Peru suspends devastating dam 17 June 2011

The Asháninka tribe are protesting against another dam, Pakitzapango, planned under Peru and Brazil's energy pact.
The Asháninka tribe are protesting against another dam, Pakitzapango, planned under Peru and Brazil's energy pact.
© David Dudenhoefer

A mega-dam in south-east Peru has been suspended following a month of strikes that involved almost 2,000 local people.

The Inambari dam was to be the largest of six hydroelectric projects planned under an energy agreement between Peru and Brazil last year.

Peru’s Energy Ministry announced on Monday that it had cancelled the temporary contract of Egasur, the Brazilian company in charge of developing the dam.

Inambari would affect the lives of around 15,000 local inhabitants, including the indigenous Carabaya people whose forest would have been flooded.

Peru’s incoming President, Ollanta Humala, has promised to respect indigenous peoples’ right to free, prior and informed consent for any projects affecting them or their land.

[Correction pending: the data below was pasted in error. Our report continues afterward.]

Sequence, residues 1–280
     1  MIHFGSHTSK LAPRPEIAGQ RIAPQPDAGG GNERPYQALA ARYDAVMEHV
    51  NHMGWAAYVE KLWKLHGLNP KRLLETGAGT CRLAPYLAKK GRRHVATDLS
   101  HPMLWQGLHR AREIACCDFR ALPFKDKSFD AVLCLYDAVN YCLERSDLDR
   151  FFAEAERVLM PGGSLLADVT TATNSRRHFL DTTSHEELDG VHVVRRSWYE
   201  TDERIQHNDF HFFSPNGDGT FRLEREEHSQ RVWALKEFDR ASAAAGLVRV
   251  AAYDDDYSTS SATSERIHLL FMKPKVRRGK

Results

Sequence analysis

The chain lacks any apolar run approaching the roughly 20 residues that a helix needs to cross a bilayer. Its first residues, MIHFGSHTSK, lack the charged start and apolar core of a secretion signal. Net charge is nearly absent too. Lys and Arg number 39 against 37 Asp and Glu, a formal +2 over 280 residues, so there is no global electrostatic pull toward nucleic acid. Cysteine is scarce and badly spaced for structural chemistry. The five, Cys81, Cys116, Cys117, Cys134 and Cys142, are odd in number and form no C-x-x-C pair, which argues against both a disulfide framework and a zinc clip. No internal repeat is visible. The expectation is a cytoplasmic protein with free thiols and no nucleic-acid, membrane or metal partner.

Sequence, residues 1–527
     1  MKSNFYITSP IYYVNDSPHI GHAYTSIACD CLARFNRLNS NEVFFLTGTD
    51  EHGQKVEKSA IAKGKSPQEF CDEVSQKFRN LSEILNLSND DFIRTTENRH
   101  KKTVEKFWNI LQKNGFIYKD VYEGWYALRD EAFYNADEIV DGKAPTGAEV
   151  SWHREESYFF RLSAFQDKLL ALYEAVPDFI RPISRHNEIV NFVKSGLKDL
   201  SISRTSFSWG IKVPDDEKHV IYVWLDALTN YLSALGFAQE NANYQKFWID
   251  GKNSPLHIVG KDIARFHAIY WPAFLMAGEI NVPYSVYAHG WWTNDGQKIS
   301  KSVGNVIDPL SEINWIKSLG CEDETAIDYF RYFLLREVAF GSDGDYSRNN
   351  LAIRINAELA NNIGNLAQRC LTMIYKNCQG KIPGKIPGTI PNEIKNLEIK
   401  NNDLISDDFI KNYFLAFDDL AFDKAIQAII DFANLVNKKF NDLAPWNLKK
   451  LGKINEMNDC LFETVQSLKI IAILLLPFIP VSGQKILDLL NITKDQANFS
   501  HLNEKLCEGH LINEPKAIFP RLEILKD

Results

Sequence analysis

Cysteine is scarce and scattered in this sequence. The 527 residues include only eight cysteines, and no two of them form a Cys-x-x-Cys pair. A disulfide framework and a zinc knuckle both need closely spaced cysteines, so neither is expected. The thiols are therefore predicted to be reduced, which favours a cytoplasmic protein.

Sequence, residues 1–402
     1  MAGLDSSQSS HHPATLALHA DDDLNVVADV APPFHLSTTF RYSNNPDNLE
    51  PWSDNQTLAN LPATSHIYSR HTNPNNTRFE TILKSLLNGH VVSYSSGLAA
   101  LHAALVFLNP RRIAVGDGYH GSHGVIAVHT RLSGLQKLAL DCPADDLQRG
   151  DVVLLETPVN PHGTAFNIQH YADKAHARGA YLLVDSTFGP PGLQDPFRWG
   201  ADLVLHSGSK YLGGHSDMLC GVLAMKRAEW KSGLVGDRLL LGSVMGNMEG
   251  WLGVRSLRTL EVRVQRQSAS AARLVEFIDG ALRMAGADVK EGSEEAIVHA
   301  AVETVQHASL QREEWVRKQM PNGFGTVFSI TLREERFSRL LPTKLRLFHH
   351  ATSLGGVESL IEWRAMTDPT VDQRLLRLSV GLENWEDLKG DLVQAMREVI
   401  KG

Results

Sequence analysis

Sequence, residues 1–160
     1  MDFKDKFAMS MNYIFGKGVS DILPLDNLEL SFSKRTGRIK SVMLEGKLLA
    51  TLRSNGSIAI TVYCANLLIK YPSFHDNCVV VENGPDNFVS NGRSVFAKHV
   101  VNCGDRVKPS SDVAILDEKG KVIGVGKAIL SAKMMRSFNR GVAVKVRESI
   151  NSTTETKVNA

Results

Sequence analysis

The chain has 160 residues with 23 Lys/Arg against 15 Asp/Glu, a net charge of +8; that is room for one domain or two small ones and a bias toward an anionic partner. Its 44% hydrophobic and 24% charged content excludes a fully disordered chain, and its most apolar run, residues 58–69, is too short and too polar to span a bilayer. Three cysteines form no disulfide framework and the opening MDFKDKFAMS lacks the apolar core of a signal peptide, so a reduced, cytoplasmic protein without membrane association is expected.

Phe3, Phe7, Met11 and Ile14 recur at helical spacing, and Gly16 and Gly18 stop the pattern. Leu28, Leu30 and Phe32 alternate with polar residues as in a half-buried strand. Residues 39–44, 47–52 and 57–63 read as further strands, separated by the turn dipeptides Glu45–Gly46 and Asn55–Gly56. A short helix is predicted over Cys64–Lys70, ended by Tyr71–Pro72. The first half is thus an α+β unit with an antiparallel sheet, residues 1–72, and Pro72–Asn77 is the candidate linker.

Locals have welcomed the government’s decision but fear interest in the region’s rich natural resources will persist.

Olga Cutipa, a Carabaya woman and vice-president of the Carabaya Defence Coalition said, ‘We were born and raised here. There were no roads. Our parents took us out riding on mules and we ate wild foods. We have no diseases – we are healthy, yet they want to make us leave? They are committing an abuse; Egasur should not bother us, they should stay away’.

 

Share this news story

 

Subscribe

Get email updates from Survival:

Subscribe to our news feed:

 

or follow us on the web:

News archive